201. @AntC: I hadn’t listened to that Poulenc concerto in a very long time. I like parts of it, but it never made a particularly strong impression on me. However, I do agree that it does an especially good job of integrating the harpsichord with the rest of the orchestra, giving both plenty of time to lead. I think it may actually be key that this is a harpsichord concerto, not a piano concerto though. The harpsichord is a versatile instrument, but it lacks both the distinctive tone quality, quite unlike that head from other stringed instruments, and the dynamic range of the pianoforte. It is simply difficult to overpower a full orchestra with a solo harpsichord, and the critics and audience (consciously or no) understand this and are not anticipating the kind of virtuoso performance that is typical in a more modern piano concerto.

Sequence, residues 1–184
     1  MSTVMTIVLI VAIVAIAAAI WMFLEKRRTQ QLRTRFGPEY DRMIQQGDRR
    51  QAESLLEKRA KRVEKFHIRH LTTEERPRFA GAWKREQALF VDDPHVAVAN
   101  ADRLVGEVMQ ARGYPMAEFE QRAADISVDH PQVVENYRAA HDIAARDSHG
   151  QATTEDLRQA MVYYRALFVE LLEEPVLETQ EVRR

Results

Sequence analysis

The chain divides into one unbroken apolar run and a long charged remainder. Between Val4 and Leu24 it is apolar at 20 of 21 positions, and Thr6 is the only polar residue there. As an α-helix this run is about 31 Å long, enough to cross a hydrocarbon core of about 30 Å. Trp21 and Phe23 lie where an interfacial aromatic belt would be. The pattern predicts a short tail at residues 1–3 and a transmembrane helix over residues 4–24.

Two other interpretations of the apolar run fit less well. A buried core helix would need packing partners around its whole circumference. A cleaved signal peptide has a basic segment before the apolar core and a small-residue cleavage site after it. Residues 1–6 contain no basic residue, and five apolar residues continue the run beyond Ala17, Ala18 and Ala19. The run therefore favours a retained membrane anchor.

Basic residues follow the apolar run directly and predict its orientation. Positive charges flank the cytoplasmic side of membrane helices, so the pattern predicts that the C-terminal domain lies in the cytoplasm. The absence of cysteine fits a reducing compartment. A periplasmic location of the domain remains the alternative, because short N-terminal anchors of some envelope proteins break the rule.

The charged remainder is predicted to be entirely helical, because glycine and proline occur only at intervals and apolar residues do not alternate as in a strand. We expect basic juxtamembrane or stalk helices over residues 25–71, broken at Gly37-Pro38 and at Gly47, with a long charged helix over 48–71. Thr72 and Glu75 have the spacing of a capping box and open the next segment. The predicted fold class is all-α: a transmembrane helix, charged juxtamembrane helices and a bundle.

202. the two chords

    Here‘s about as much of a extemporisation as you’re going to get from a C21st performance. Starting about 5:10, to 5:40 (sorry). Claudio Abbado, so it’s gold-standard.

    Richter from about 6:05 has a fair crack. (Ignore the ‘2011’: Richter died 1981.) Whatever he’s doing to it is not Bach — maybe Mendelsohn? Yeuch! far too heavy-handed.

  203. John Cowan says

    Whatever he’s doing to it is not Bach

    Of course it’s not Bach. If Bach had intended for it to be Bach, he would have written out whatever he intended. Since he didn’t write it out, he intended the music to be whatever the performer decided to improvise, and by not improvising, the performer is failing to conform to Bach’s intentions, just as much as if he had failed to perform the notes written down by Bach in the thorough-composed parts.